Wednesday, September 17, 2014

Why Drill, Baby, Drill is Harmful to Your Kids

If you or your children suffer from chronic nosebleeds, migraines, asthma and other respiratory disorders, look to those structures on top of Oat Mountain as a possible cause.  You may have been affected by past and current drilling by an oil company and the Southern California Gas Company.

Earlier this year, Termo, the company that operates the oil wells up there, has applied for a permit to build three new pads which would house up to 12 wells.  Because this area is considered a “Significant Ecological Area,” a study of the plant life has been done.  Basically, there are oak trees that will either be removed or pruned.

The next step is with the Los Angeles County Department of Regional Planning.  After public hearings take place, the department will advise the Board of Supervisors of its findings so a determination of what type of document will be required: Negative Declaration, Mitigated Negative Declaration, or Environmental Impact Review.   The final decision will rest with the Board of Supervisors.  If a NR or MND (mitigation measures may be necessary to reduce any impacts to the environment) is issued, Termo can go to the California Division of Oil, Gas, and Geothermal Resources (DOGGR), which will undoubtedly grant the permit.

If an EIR is required, public comment will hold more substance and be considered while independent environmental engineers look at the risks to the environment and nearby residents.  The EIR would address the project's environmental impacts and could recommend any mitigation and alternatives, including possibly the cancellation of the project and any anticipated proposals of new projects in its place.

Now what are the possible risks to our area and us if drilling occurs?   At the August 6 meeting of the Porter Ranch Neighborhood Council, a representative from Termo, Ralph Combs (whose great-grandfather started the company) insisted that the proposed wells will have minimal impact on our area, and will be safe because there will be monitoring going on, no risks, yada yada yada.  But even though audience members in that standing- room-only auditorium were asked not to bring up the “F” word, many did go there.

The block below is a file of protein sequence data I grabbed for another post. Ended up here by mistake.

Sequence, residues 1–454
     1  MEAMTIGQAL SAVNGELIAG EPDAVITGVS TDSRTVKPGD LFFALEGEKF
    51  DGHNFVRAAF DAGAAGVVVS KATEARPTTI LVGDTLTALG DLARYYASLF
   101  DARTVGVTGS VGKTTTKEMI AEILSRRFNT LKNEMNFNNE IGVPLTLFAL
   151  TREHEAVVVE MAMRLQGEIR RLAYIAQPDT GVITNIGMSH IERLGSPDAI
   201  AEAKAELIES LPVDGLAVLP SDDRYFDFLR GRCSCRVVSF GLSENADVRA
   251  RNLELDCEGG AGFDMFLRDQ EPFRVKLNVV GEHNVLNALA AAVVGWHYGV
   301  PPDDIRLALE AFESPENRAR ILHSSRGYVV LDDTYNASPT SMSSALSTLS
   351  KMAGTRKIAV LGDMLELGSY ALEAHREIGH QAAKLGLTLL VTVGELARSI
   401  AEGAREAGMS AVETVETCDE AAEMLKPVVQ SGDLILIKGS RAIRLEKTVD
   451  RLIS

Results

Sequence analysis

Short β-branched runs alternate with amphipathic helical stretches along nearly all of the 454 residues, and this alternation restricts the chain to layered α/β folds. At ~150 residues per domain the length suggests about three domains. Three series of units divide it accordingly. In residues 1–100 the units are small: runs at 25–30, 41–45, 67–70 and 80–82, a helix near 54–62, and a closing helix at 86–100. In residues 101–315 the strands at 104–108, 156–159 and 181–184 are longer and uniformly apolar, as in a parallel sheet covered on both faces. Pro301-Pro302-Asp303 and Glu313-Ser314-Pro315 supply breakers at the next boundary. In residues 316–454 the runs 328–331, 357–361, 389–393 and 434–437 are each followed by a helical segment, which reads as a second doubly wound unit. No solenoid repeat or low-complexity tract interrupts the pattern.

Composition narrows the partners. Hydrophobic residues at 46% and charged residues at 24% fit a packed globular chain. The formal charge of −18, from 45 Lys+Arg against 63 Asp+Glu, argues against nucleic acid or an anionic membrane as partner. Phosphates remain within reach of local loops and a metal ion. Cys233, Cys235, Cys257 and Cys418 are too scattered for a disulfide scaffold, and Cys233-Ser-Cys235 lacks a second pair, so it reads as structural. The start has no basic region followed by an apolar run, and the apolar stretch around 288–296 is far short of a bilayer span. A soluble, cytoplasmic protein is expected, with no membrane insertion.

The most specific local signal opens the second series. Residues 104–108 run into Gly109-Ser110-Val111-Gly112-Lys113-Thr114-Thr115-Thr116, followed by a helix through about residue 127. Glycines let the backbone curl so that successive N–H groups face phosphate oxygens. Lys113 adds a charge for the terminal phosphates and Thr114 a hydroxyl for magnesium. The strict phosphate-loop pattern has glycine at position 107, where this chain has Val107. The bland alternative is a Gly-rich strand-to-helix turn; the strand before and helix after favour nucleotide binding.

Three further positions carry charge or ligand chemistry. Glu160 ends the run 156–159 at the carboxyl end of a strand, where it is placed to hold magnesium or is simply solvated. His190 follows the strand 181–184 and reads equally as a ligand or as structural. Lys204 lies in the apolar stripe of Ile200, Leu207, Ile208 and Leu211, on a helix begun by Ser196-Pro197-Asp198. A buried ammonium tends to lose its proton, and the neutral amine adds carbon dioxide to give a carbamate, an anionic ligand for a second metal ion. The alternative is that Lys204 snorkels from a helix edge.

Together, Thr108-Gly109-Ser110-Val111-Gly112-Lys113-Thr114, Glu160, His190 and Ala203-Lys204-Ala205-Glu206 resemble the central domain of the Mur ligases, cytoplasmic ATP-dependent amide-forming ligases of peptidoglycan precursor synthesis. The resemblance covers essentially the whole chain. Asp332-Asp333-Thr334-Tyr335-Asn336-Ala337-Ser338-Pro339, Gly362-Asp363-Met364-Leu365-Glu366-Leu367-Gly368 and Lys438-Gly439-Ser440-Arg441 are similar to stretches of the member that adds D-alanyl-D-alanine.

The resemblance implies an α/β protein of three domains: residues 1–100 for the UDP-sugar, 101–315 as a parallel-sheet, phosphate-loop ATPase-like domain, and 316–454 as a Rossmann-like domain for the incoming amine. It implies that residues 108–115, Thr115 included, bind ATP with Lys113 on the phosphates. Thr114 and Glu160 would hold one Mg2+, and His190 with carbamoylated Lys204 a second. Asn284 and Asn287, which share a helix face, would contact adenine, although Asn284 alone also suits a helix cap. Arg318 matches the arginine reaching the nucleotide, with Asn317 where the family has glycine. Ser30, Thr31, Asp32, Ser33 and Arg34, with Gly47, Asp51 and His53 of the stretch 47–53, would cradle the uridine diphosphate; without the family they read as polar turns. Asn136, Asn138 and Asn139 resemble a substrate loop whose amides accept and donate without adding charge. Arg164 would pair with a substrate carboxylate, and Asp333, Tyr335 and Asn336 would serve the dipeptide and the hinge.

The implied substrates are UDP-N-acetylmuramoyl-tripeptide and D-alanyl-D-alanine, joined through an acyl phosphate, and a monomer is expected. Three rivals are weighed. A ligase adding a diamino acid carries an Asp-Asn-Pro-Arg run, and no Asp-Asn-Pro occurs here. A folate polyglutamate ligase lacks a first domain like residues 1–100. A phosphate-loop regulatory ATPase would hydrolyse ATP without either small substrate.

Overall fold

Aw, fracking.  Just in case you haven’t heard of this word, fracking is hydraulic fracturing and is used to fracture rock, such as the shale the oil company needs to shatter in order to get at the oil supply. 

When it comes to drilling in shale rock, more extreme methods are usually needed, according to experts giving the opposing side of the story at an August 23 community meeting.  Besides showing an eye-opening documentary, “Backyard,” produced by students at Montana State University, my 17-year-old daughter, I, and several other interested audience members, were informed about the dangers of well stimulation.  These techniques include: fracking, matrix acidizing (acid, often Hydrofluoric acid,  is injected into the well penetrating the rock pores at pressures below fracture pressure), cyclic steam injection (chemical free, but carries the risk of seepage and violent expulsion of oil, water and rocks), and steam flooding.

With fracking, a mixture of water, sand and chemicals is pumped at high pressure down into the wells.  We’re talking about as much as four million gallons of water per each well. This water will come from municipal supplies.  At a time when we’re being told we can’t water our lawn more than three times a week.

We’re talking about chemicals that are known to be toxic.  And once the contaminated water (flowback) is pumped back up, it is pumped back down into an injection well to be stored for all eternity.  Unless there’s a major earthquake.